Building more densely in the inner-city will not necessarily mean more affordable housing as costs associated with earthquake strengthening for high-rise buildings are very expensive. And on top of that, insurance costs are now exorbitant, and that’s assuming you can even get insurance! And without insurance – you cannot get a loan from the bank.

     
  6. TrevorH, 16. October 2020, 7:59

    Nope, the only way to bring the cost of housing down is to free up more land, undertake mass consenting and reduce the price of materials by promoting greater competition. It should also be made easier than it is for prefabricated units to be produced off-site in factories around the main centres. Financing for basic infrastructure costs such as roading and sewerage should not have to be borne by the developer but shared and recouped by local and central government.

     
  7. Guy M, 16. October 2020, 11:48

    Trevor H – yes, that’s the present viewpoint. Only problem is, we’ve all been saying that for the past 20 years and the opposite has happened. Time for some fresh thinking.

    Supply chain: Fletcher’s own most of it and are not going away. No incentive for them to bring housing costs down.

    Prefab: Great idea, but not many NZ companies doing it as yet. But yes, we’re working on it.

    Freeing up more land: in Wellington, where would that be? Build on the Town Belt? Zealandia? Nope, thought not. Kapiti? Porirua? Transmission Gully? The more we build out there, the worse our traffic issues become. So therefore, the WCC are encouraging more density.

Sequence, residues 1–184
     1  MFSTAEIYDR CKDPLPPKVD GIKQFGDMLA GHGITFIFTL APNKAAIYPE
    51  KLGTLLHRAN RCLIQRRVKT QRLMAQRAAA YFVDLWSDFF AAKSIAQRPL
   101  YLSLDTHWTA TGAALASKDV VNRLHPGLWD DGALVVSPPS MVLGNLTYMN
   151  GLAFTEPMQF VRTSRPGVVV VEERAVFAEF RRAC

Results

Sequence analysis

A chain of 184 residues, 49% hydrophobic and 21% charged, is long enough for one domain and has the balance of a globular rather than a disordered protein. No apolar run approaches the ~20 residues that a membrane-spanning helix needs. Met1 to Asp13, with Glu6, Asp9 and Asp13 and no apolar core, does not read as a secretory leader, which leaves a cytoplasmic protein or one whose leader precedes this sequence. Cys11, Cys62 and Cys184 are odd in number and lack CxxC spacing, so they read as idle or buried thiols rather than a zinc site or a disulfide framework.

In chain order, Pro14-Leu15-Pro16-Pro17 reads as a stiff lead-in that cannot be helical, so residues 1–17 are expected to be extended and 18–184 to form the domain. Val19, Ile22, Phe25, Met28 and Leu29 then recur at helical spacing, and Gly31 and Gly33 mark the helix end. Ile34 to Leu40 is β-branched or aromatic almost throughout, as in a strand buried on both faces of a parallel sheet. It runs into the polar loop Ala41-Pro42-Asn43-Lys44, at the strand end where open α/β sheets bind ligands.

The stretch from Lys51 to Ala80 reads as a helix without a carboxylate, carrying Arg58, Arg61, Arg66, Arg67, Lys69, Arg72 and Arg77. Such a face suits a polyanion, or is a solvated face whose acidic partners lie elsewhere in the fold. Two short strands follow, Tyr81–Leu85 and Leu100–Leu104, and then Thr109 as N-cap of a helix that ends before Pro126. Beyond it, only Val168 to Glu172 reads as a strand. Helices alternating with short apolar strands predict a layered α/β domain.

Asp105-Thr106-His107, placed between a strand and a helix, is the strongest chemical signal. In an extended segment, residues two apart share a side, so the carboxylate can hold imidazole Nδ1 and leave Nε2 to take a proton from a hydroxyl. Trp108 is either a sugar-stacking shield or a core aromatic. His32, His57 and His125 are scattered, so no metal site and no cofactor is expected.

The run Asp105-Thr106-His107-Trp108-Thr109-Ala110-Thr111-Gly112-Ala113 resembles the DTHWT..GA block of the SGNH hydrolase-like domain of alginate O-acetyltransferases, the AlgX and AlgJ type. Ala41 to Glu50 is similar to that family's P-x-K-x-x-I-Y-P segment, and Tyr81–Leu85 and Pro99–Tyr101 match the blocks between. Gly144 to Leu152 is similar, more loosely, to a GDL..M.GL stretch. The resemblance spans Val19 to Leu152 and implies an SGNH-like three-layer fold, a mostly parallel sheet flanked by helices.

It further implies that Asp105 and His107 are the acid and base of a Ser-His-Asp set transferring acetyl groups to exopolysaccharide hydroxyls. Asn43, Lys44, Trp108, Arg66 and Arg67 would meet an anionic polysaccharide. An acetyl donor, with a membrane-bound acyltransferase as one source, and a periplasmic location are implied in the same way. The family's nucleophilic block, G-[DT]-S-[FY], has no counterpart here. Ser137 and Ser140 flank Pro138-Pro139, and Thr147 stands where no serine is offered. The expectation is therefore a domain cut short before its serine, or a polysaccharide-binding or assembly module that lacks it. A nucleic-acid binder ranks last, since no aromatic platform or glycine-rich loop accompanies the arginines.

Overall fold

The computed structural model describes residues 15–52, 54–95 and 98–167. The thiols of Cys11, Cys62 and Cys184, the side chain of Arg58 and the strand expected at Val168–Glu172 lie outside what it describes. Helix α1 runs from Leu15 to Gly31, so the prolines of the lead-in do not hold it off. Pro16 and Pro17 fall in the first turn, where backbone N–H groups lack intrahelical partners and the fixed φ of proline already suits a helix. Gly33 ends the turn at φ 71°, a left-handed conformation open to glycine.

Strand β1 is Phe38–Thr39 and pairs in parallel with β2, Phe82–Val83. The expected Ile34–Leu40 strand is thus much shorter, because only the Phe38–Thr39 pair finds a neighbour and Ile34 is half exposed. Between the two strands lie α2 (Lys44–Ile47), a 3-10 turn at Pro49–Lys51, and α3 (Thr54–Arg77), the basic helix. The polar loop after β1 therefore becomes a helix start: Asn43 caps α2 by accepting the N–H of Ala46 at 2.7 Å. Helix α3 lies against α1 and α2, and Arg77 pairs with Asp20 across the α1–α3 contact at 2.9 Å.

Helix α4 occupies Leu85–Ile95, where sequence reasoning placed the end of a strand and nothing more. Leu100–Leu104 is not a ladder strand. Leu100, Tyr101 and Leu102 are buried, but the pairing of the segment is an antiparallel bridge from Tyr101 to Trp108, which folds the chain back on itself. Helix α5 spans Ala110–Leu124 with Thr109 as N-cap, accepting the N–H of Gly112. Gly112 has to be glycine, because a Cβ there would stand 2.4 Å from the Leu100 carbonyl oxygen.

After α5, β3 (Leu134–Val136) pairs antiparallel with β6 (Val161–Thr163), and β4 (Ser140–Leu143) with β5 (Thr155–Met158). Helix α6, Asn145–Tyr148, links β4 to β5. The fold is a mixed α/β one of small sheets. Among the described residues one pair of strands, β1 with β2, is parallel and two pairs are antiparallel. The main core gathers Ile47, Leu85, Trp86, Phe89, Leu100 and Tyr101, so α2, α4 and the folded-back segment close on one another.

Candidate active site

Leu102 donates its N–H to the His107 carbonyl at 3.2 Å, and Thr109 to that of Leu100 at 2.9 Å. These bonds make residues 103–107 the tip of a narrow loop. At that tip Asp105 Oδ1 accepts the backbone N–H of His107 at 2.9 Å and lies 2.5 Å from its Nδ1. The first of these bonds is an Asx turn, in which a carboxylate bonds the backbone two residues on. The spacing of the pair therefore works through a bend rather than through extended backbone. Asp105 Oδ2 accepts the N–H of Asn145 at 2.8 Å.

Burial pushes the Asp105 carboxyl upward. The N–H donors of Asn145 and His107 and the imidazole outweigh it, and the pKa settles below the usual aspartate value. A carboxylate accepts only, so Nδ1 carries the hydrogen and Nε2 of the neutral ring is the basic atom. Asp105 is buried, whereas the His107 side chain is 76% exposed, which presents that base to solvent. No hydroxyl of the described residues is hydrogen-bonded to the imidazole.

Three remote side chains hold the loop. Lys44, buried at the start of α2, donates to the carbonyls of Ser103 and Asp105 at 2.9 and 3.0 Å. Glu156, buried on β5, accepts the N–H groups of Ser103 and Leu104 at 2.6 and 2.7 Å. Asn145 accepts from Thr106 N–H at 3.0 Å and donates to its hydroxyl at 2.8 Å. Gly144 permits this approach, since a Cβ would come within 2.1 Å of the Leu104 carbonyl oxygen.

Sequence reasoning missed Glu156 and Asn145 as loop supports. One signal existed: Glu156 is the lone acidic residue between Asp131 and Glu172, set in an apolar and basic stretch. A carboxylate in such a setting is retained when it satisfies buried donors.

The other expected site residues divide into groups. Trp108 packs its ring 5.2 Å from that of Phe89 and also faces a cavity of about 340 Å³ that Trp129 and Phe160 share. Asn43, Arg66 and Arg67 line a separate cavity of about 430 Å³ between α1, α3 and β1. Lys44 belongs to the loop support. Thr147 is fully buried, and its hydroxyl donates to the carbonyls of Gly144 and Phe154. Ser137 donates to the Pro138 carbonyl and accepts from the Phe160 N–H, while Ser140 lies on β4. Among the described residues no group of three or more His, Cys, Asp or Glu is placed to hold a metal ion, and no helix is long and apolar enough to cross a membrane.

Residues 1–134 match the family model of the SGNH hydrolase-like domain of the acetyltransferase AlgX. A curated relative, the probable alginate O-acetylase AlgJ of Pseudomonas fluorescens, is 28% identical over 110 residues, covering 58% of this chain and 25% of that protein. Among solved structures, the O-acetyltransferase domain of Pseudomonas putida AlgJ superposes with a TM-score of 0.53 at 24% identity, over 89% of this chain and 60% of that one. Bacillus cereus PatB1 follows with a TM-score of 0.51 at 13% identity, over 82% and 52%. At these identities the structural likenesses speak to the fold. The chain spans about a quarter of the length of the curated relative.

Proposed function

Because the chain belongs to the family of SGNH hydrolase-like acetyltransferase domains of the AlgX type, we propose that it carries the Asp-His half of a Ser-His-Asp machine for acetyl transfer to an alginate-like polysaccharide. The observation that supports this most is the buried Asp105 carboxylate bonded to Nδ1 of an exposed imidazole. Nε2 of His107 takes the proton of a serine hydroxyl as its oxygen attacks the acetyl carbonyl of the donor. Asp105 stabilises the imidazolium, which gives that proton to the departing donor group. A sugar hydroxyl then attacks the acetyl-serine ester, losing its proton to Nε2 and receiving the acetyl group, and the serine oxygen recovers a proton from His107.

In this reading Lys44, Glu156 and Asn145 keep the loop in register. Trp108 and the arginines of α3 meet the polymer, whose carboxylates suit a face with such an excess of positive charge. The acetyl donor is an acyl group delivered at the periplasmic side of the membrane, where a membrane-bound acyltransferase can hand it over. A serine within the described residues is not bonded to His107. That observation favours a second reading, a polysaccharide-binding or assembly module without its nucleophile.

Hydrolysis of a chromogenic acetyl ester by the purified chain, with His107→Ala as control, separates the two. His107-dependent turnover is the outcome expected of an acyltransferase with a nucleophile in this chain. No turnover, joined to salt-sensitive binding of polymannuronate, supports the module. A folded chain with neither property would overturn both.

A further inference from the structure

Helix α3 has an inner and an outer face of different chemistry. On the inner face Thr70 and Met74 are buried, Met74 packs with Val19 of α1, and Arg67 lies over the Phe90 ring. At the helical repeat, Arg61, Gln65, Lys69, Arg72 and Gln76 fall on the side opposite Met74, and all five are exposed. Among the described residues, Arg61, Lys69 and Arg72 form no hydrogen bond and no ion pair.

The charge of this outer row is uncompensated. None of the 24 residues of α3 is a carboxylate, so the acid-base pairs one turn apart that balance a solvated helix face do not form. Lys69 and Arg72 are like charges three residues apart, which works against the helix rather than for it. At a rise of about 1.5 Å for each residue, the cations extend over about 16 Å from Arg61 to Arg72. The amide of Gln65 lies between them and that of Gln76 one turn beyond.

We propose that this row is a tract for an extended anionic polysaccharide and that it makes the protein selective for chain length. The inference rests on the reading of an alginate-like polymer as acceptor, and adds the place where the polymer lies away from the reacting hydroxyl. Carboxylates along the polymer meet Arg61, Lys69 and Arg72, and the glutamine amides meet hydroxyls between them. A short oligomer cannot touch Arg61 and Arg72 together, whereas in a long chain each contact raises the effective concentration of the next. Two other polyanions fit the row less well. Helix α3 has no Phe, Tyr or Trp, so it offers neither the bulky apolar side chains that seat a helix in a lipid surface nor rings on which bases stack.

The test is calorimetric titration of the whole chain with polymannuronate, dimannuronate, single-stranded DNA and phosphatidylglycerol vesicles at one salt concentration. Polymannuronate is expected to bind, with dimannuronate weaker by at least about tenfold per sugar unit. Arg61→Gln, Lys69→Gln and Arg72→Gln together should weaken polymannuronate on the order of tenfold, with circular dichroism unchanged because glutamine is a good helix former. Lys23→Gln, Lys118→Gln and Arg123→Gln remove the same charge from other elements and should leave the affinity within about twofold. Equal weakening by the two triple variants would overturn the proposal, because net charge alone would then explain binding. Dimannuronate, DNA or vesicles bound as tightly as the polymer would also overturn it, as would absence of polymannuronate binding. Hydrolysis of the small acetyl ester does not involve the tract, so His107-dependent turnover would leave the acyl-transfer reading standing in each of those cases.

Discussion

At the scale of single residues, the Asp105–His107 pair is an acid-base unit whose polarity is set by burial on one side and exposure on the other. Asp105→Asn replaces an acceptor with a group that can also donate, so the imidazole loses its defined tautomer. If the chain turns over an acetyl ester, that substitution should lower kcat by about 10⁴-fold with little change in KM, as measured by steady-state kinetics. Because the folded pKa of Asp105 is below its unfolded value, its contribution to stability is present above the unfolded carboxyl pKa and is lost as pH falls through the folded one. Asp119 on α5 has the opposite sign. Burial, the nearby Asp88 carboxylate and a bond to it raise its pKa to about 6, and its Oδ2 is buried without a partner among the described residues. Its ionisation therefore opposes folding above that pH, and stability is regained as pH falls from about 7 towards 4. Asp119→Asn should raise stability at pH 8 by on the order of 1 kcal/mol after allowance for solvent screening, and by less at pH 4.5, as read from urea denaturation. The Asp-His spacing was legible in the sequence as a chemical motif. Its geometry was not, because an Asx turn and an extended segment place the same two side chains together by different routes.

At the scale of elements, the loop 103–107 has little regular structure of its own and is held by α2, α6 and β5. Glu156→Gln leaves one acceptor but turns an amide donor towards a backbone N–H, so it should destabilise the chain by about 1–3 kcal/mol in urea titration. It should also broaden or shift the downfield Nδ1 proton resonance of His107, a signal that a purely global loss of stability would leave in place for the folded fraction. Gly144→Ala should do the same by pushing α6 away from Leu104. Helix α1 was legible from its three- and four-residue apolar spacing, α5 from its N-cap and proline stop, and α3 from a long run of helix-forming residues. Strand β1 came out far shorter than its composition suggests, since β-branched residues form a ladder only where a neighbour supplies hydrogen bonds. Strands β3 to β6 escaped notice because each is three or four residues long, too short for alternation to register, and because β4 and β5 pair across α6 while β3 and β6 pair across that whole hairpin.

There is no simple answer.

     
  8. michael, 16. October 2020, 12:31

    Guy we haven’t been faced with the insurance problem over the last 20 years, that only occurred after the last big earthquake and shows no signs of becoming realistic. Therefore it has to be a major consideration unless the government can do something about it. There are people living in smaller apartment buildings now where they are paying over $20,000/year each apartment for insurance, and are struggling to afford it. My insurance costs have risen over 500% in the last 3 years and on top of that we will be faced with massive rates increases over the next few years as well.

     
  9. Julienz, 16. October 2020, 17:51

    @Guy M – I can’t really understand why Ohariu Valley is off the table. A lot of it is currently in lifestyle blocks which are just single houses with really big sections. Currently people are commuting from Upper Hutt to the CBD. Ohariu is a good deal closer and there is already a road of sorts. I know it means more cars, but maybe aiming for shorter trips rather than going carless is more realistic. Granted the motorway entrance heading into town at the south end of Johnsonville rather than the north is a bit of an obstacle. But on the plus side developing Ohariu Valley would provide an additional catchment for Johnsonville which might be enough to get some movement on redevelopment of the mall hopefully with apartments above.

    Other ideas I have had are some carrot and stick to get the universities (but mostly Victoria) to take responsibility for housing the huge influx of temporary residents they bring into the CBD each year. This would calm the rental market for young professionals seeking to live near their work in the CBD. And making it easier for people on larger lots in the outer suburbs to be able to add an accessible accessory unit to accommodate elderly family members could also help. I imagine some older residents might consider having their children move into the main home with the grandchildren, and granny or grandpa take the granny flat. Better utilisation of larger homes in the outer suburbs could relieve some pressure. There are a lot of empty bedrooms around, but not in the right places.

    I would also like us to take a breather on immigration until we can get the housing situation more under control.

     
  10. Guy M, 16. October 2020, 18:31

    Julienz – Ohariu only has one route in and out though, doesn’t it? A very skinny windy road? And then through an already crowded route in via Karori? I think it is an excellent suggestion (the locals there would no doubt kick up a fuss) but there needs to be a plan to solve the transport issue first.